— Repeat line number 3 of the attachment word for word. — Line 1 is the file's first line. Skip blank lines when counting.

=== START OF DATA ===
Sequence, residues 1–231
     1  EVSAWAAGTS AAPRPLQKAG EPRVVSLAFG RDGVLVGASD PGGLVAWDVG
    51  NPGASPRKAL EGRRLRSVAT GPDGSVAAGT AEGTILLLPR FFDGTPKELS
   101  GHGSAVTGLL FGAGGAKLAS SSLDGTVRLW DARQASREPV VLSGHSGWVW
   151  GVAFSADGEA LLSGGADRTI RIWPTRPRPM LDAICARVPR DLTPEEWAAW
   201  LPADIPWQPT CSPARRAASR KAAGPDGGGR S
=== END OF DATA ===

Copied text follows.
    51  NPGASPRKAL EGRRLRSVAT GPDGSVAAGT AEGTILLLPR FFDGTPKELS